One of my wife’s friends handed me a booklet and asked me to read it aloud to the two of them. The author designed and runs a spiritual retreat center for a great diversity of religions. People can connect with any or all of them. The booklet expressed his opinion regarding harmony among all faiths, noting that people choose whatever they feel fits them. I soon encountered statements about Jesus that contradicted Biblical perspectives. Unwilling to express those verbally, I changed them to what I believe the Bible says about Jesus. In retrospect, I should have acknowledged that I couldn’t read it aloud as I didn’t agree with the text. I could have told them I felt I would be dishonoring Jesus… but then I didn’t know at the beginning what I was getting into.
Changing the wording didn’t accomplish anything; in fact, my revision of the text offended my audience. After I finished, they asked me what authority I had to just change what this man was saying. I had taken someone else's work, put my ideas into it and passed them off as his work. They were right, and I apologized. In trying to control what was said, I had misrepresented the author and the text.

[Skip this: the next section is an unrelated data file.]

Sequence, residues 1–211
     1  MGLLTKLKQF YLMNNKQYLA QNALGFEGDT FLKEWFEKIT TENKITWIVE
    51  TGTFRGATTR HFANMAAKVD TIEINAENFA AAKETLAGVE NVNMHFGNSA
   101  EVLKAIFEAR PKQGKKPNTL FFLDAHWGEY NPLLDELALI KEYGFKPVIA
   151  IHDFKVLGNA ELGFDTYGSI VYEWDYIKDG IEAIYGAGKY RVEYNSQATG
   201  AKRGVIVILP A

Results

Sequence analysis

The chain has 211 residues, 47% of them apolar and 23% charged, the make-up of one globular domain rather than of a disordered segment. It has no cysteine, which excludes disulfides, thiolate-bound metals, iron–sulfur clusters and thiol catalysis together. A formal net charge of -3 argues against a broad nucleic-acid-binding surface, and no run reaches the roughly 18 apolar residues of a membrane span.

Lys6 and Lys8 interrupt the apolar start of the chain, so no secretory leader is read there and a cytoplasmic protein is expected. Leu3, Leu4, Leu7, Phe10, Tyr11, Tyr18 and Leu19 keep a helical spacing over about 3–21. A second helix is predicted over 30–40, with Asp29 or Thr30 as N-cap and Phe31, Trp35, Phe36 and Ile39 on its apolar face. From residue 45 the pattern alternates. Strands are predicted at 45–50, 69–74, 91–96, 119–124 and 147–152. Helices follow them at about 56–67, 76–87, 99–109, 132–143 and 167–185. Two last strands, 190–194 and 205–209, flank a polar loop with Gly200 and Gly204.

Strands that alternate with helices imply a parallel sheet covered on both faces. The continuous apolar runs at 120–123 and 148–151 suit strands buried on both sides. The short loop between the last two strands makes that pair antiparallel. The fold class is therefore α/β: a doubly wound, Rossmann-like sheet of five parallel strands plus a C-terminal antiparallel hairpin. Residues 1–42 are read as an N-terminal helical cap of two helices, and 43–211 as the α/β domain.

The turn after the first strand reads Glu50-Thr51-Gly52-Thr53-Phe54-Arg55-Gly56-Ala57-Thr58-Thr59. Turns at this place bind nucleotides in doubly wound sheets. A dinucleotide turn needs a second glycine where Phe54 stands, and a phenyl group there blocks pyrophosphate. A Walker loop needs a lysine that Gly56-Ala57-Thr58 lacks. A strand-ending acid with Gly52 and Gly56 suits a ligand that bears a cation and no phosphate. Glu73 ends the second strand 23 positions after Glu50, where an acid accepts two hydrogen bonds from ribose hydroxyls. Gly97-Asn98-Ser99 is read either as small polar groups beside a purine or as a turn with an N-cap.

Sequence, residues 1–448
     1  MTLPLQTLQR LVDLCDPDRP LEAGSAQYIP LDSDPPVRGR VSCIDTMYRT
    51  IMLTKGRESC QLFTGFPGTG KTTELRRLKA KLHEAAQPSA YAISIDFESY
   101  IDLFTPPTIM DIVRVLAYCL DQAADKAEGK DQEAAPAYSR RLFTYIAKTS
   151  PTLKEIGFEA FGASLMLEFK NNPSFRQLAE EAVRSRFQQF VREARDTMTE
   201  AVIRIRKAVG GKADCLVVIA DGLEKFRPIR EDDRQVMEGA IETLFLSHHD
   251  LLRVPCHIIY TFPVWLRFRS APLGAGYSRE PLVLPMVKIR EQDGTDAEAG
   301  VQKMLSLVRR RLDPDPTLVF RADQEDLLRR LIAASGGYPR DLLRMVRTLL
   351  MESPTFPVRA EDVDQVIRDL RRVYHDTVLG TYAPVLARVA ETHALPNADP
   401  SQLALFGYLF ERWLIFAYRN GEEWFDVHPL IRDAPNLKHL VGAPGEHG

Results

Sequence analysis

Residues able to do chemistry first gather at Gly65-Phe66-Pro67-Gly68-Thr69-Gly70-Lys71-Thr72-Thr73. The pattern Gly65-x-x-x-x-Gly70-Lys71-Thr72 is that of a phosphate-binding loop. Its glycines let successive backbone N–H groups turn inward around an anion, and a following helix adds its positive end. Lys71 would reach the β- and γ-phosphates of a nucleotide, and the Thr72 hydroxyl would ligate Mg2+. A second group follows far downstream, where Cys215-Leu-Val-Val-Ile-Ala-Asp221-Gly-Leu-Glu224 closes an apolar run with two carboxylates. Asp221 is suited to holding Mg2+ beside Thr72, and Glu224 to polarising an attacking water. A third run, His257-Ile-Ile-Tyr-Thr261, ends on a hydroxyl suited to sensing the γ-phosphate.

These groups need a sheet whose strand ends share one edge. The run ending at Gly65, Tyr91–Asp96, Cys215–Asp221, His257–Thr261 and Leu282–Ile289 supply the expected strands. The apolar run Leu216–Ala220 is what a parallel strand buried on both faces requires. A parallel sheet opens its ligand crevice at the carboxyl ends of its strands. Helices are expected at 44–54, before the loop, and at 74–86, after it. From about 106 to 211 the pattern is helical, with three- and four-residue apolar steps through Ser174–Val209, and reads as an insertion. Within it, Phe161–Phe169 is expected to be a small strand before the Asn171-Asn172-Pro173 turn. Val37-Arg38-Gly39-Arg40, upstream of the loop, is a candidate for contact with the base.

Sadly, I realized that this is also what we often do with the Bible, though we may not recognize it or want to recognize it. When that is the case with me, I may lead people to my version of god, instead of the everlasting God who created me in his image. It is not the god I create in my mind that I or anybody else needs, but we need the God who created us.